4. When you let the click go, InDesign opens a new pop-up. Click
5. Move the button where you would like it to be. Done!
💪 Now, if you want to be a real PRO. Select the button and create an Object Style (we saw how to do that but the next two lines are just about that)
6. Open the
Object Styles panel (
7. Select the button. In the
Object Styles panel click on the
New Style icon. Now you have full control of those buttons. You can even change the position of one that bothers you a bit and use the
Redefine Style functionality to update the position of all the buttons in all the banners. As a reference, I'll leave below the button's settings.
Everything we talked about before this section is fundamental if you want to structure an efficient workflow. This is especially true when you are going to produce these banners in several languages.
Why is that?
Pretty simple. Either you do the translation manually and waste days — or you automate it.
And as we've seen in the first part, automation requires that the InDesign file is set up in the proper way.
So, everything you've read and learned above is extremely useful when you plan to automate the translation part as well.
Why should you automate the translation process?
Besides making everything faster, automation helps you:
- avoid mistakes! (copy/paste is the worst);
- re-use the same translations / terminology;
- control / edit / update the terminology used;
- lower the cost;
- I'll say it again, in a better way — time-to-market!
Sounds amazing, right?! It is.
In this part I'll show you:
- how your team can translate the documents online or offline;
- how to deal with edits and changes;
- how to control the terminology.
At Redokun, we built a tool that makes it easy to produce InDesign documents in many languages.
The best part is that it's super easy to use and it integrates immediately into your workflow:
1. Upload the banners we just created in Redokun.
2. Invite your colleagues to translate the banner online.
You can also export the sentences, have them translated and then import the translation.
3. Once the translation is complete, download the document and open it in InDesign.
⚠️ I found a little bug in InDesign. When I opened the translated IDML file, the position of the "Shop now" button was not maintained. If that happen also to you, just quickly edit the Object Style by adding and removing 1 px to the
Y Offset(like I did in the video).
Edits and updates to already translated documents could take a long time.
Luckily with our new method everything will be handled extremely fast:
- Edit the Prototype.
- Launch again the Data Merge. This will create all the different banners in the base language (in my case English).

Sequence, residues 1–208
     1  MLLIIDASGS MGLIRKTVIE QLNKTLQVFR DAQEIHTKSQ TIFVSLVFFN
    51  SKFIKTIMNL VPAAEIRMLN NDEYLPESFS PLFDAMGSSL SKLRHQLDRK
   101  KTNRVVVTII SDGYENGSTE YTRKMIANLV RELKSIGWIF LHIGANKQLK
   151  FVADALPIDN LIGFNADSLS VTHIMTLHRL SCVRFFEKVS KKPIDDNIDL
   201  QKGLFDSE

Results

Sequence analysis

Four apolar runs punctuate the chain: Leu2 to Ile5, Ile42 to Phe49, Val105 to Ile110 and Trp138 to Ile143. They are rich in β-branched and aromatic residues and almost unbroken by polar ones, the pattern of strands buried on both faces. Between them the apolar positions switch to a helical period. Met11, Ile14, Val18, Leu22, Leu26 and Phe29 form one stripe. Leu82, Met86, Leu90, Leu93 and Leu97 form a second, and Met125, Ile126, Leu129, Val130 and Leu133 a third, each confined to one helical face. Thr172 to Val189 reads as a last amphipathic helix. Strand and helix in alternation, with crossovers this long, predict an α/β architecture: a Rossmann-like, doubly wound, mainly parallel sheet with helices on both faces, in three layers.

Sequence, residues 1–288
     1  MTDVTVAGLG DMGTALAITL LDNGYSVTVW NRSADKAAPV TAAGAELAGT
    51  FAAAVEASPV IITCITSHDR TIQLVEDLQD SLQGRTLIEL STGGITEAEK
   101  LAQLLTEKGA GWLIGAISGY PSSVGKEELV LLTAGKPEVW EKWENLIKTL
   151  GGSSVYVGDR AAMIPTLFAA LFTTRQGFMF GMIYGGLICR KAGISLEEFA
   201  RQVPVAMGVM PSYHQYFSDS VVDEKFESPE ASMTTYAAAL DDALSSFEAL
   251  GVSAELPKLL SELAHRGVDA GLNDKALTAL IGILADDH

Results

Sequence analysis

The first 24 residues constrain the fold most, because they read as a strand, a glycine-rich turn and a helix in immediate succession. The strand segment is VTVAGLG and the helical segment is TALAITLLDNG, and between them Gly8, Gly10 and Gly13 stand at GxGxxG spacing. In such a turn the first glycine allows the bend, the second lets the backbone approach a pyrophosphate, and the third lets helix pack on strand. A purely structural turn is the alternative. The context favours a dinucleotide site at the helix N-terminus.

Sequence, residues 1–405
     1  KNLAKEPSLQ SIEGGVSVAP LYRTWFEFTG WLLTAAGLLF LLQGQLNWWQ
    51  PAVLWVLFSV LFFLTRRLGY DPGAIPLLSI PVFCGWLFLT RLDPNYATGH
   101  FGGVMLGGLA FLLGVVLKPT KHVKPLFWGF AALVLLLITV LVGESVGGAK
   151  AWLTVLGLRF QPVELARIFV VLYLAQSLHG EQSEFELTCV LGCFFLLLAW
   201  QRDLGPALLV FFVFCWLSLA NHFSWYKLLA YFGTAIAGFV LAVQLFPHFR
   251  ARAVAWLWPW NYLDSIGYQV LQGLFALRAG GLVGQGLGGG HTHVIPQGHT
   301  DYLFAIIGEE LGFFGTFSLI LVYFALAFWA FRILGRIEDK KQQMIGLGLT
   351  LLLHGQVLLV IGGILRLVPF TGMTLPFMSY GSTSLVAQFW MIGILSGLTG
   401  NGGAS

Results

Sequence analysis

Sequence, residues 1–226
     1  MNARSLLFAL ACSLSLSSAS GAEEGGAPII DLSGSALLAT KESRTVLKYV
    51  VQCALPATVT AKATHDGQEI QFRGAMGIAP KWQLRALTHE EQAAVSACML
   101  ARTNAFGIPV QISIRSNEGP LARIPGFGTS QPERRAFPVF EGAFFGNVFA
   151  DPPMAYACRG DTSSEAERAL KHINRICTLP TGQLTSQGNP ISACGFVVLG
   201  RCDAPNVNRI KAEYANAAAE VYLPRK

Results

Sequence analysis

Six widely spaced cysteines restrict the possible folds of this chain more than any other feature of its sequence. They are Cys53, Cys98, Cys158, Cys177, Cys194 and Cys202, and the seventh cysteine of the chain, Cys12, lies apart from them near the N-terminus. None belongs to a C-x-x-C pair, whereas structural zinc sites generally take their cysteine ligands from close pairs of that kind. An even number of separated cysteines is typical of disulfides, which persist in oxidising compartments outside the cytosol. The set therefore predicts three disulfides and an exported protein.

- Upload the document in Redokun as a Revision.
- Translate only new text.
- Export the translated IDML.
Terminology in marketing is extremely important.
You need to be able to see where you've used a translation and eventually change it locally or globally.
I'll give you a practical example so you can see if this is something that happens also to you.
During the translation of my banner into Italian, I translated "Shop now" with "Acquistare ora". Without giving you an Italian lesson, let's just say that I don't like this translation.
"Acquistare ora" should become "Acquista ora".
But here is a new challenge. Where did I use that translation? Is it limited to this document? Did I use in other banners?
Here is another way that Redokun can help your team.
- Search for a word or a sentence.
- Quickly see where it was used.
- Go and edit it locally or globally.
If you want to learn more about Redokun, you can start a 14-day free trial or get in touch directly with me and see how we can help your team.
In this section we will see how to quickly export your banners. We will see the manual process and I'll also introduce you to a script that can help you automate this task.
- export the banners manually
- export the banners with a free script
Export the banners manually
When creating banners, you probably want to have each banner in one single document, so let's see how to do that:
- Click on
- Here you can select if you want to export your document to PDF or JPG/PNG
- export banner to JPG/PNG: InDesign already creates a file for each banner.
- export banner to PDF: the option you should activate is
Create Separate PDF Files
Export the banners with a free script
There is an amazing script I am always talking about, it's Peter Kahrel's batch converter.
The script is completely free, but if you'll download it, consider making a donation at the bottom of its page.
It lets you select an Input folder (and an output) and process all the documents inside. You can:
- convert all the documents into a specific file format;
- or even run a script for each document.
If you have many documents in many languages, you should definitely install this script as it will save you hours.
You reached the end of this guide. Congrats! It wasn't easy. I really hope it was helpful. However, I have two favours to ask you.
- Get in touch. Let me know what you think of the guide. Let me know if there is something else I can help you automate.
- Please share this guide with everybody who might find it useful.
- Check Redokun if your company works with InDesign documents that need to be translated.
Till next time,